2

The proceedings before the district judge involved a two-step process

Initially, both the Secretary and the appellant filed motions for summary judgment. The Secretary took the position that substantial evidence was present in the record for an affirmance. Thornton's motion asked the district judge either to award her benefits or to remand her claim to the Secretary for further proceedings. Thornton's motion for summary judgment relied on four letters, two from her psychologist and one each from two physicians. Each letter described her condition. One letter had been introduced into evidence at the hearing before the ALJ; as the three other letters were drafted subsequent to her administrative hearing, they, of course, had not been placed into evidence before the ALJ. The district judge entered an order granting the motion of the Secretary for summary judgment and denying the motion of the appellant. A final judgment was entered affirming the Secretary's decision.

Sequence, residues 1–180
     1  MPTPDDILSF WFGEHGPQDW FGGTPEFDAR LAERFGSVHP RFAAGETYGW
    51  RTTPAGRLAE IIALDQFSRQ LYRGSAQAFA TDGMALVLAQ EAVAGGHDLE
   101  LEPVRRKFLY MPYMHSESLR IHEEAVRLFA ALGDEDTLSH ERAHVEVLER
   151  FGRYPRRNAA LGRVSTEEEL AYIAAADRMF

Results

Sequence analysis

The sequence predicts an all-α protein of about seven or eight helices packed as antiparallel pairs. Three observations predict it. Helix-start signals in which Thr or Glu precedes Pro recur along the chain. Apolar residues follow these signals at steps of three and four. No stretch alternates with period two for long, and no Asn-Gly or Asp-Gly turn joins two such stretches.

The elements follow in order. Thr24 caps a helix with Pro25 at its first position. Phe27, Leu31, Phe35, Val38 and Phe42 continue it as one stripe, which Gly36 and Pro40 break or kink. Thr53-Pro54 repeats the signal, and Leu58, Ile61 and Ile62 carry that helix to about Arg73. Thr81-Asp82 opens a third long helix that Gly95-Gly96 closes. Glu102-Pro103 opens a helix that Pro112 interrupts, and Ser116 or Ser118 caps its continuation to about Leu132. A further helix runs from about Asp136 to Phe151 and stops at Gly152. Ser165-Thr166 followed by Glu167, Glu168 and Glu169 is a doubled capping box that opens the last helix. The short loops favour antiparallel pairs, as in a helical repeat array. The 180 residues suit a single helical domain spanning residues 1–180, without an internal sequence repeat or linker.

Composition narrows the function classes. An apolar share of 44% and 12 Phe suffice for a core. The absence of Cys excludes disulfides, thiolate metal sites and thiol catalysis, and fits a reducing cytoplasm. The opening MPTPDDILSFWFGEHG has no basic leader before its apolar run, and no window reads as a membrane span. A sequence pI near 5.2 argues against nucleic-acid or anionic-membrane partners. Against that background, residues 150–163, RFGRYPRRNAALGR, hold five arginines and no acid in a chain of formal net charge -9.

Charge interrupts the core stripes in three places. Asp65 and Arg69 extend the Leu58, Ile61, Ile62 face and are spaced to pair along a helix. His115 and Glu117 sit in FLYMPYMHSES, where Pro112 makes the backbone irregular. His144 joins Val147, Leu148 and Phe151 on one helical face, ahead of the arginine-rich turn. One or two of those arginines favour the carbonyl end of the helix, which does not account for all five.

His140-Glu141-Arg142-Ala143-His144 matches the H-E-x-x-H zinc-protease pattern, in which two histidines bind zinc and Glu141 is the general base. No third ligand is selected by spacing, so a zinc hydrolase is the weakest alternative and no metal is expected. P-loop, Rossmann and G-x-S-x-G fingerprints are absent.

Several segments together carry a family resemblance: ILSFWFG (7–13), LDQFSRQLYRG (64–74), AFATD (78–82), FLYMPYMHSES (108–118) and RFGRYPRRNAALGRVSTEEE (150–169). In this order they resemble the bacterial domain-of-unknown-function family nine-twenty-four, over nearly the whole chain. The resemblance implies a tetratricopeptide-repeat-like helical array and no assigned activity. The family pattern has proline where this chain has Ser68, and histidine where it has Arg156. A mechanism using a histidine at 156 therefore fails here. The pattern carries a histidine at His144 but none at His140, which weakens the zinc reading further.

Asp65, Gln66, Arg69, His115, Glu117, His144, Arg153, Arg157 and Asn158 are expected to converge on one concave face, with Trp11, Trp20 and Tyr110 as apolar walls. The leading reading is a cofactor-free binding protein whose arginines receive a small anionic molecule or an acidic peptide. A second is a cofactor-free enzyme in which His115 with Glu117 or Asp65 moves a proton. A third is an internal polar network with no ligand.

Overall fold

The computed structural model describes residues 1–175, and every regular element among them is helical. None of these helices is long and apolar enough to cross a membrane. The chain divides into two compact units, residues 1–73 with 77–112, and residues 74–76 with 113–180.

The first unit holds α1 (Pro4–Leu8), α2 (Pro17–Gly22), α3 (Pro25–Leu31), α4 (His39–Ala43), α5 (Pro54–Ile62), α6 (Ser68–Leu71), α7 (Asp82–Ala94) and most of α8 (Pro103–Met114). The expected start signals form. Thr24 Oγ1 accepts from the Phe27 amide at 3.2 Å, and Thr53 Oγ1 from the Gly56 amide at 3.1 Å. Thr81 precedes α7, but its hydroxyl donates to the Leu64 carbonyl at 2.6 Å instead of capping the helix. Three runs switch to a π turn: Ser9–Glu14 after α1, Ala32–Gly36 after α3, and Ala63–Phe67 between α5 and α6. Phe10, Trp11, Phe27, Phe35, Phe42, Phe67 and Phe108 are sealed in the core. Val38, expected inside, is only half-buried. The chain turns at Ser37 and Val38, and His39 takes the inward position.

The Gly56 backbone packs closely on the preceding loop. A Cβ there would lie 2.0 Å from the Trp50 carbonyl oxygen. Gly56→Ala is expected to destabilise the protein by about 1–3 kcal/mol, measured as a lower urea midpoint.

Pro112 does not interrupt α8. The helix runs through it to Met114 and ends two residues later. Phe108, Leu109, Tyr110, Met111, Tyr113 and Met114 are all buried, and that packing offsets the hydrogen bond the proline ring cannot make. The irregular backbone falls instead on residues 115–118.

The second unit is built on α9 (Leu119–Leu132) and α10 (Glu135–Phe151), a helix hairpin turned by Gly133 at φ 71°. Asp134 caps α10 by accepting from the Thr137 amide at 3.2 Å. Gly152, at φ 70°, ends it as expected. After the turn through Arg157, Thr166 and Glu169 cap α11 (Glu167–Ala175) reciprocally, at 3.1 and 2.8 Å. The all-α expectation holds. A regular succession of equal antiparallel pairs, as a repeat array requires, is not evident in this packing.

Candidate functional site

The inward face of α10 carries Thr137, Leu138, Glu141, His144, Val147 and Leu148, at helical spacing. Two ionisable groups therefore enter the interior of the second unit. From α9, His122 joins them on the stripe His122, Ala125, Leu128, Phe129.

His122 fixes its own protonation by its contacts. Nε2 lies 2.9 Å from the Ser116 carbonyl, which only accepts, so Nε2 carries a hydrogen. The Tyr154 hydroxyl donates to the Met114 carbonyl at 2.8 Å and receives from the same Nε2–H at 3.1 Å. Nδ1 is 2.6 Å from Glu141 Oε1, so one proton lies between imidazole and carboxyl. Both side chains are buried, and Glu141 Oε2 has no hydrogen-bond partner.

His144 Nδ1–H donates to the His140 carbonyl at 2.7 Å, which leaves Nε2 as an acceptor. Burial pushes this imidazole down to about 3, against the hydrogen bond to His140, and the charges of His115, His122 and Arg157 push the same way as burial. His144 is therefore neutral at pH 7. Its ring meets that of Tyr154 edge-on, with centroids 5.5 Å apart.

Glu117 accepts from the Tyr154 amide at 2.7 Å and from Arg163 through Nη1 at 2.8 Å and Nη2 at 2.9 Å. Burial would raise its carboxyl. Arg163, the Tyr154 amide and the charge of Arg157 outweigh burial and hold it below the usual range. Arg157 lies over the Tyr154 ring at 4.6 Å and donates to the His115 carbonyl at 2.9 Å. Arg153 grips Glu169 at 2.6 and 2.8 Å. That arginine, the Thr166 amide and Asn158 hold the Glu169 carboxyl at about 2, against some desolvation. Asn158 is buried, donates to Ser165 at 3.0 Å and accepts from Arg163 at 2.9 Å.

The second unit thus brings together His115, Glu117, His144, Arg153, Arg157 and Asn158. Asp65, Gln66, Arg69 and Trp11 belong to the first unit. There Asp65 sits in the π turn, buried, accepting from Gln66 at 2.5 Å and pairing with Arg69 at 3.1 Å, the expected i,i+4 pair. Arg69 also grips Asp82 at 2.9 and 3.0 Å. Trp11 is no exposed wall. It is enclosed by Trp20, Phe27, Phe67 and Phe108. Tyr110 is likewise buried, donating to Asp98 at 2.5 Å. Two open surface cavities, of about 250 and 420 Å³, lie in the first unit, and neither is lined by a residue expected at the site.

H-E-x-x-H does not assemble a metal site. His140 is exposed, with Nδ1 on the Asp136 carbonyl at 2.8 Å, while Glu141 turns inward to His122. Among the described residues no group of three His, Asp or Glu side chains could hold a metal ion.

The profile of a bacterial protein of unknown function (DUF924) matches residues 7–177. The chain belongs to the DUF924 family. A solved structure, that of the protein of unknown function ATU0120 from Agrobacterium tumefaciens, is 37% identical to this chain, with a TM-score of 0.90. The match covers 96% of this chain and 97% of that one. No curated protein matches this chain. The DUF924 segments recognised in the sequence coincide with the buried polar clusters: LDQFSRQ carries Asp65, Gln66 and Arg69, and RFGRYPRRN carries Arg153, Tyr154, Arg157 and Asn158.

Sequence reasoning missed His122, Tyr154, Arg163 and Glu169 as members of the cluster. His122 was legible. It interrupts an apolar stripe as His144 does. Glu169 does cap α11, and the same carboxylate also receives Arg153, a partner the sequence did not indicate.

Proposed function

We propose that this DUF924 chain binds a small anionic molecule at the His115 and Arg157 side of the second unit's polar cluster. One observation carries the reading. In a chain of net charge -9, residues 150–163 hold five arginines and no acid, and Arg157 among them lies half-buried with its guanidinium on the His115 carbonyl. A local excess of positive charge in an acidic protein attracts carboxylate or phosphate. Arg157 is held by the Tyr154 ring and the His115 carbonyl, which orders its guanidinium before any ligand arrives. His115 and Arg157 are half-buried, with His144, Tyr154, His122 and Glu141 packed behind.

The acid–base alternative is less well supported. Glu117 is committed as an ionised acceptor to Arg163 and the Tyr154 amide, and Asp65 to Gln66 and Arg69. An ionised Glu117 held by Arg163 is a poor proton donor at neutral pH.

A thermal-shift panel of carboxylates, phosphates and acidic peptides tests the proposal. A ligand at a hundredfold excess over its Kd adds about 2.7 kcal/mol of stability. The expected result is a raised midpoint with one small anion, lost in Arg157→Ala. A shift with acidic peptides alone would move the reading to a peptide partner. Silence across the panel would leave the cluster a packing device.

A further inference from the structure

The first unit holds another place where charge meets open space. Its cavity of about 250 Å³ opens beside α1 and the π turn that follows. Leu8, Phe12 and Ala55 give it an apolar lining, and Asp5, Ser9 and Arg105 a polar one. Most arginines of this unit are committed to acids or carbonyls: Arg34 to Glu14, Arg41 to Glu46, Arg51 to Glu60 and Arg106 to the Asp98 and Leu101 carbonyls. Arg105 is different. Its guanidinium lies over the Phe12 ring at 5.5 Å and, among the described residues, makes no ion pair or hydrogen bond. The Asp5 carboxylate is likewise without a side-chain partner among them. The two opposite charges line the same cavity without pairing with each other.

The appellant then filed a timely "Motion for New Trial or in the Alternative to Alter Judgment." See Fed.R.Civ.P. 59. In her new trial motion, Thornton again argued that her claim should be remanded to the Secretary for further proceedings. The new trial motion was followed by two other papers, one of which was accompanied by another letter from her psychologist. Like the other letters, this one, too, had been drafted subsequent to her administrative hearing. The district judge then filed a memorandum opinion and order in which he denied Thornton's motion.

3

See note 2 supra

4

Once Thornton's claim for benefits had been denied she requested an administrative hearing. Her request was accompanied by a handwritten letter in which she asked the Social Security Administration to contact two medical doctors and a psychologist to obtain evidence in support of her claim for benefits